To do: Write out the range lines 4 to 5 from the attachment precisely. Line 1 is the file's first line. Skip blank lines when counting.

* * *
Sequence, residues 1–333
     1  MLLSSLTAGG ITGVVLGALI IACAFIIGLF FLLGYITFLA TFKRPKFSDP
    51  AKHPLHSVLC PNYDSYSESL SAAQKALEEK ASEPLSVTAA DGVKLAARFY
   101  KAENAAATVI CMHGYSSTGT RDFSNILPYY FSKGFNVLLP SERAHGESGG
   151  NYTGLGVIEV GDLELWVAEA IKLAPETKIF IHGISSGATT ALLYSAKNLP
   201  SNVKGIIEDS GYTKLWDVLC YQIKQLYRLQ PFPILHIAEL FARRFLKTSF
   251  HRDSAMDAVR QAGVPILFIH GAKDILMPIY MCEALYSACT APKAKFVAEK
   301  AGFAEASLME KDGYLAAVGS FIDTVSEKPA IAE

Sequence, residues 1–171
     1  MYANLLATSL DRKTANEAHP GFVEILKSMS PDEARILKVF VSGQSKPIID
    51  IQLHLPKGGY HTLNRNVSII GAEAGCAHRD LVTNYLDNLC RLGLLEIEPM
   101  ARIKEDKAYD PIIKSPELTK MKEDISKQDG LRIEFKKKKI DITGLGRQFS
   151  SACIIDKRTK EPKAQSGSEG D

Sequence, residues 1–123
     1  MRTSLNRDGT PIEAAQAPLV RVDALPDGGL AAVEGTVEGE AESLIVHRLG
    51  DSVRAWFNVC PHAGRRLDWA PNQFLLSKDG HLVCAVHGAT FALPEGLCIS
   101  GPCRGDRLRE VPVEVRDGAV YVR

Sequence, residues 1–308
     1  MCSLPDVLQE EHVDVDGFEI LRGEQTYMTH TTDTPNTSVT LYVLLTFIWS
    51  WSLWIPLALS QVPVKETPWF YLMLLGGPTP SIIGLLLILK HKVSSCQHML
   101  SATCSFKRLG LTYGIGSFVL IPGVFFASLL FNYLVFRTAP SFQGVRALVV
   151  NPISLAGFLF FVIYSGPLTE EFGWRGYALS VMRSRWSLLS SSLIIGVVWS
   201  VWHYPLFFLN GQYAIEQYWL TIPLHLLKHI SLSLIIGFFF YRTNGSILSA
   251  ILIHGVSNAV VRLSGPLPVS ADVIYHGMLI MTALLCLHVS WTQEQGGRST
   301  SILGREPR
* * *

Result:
   101  KAENAAATVI CMHGYSSTGT RDFSNILPYY FSKGFNVLLP SERAHGESGG
   151  NYTGLGVIEV GDLELWVAEA IKLAPETKIF IHGISSGATT ALLYSAKNLP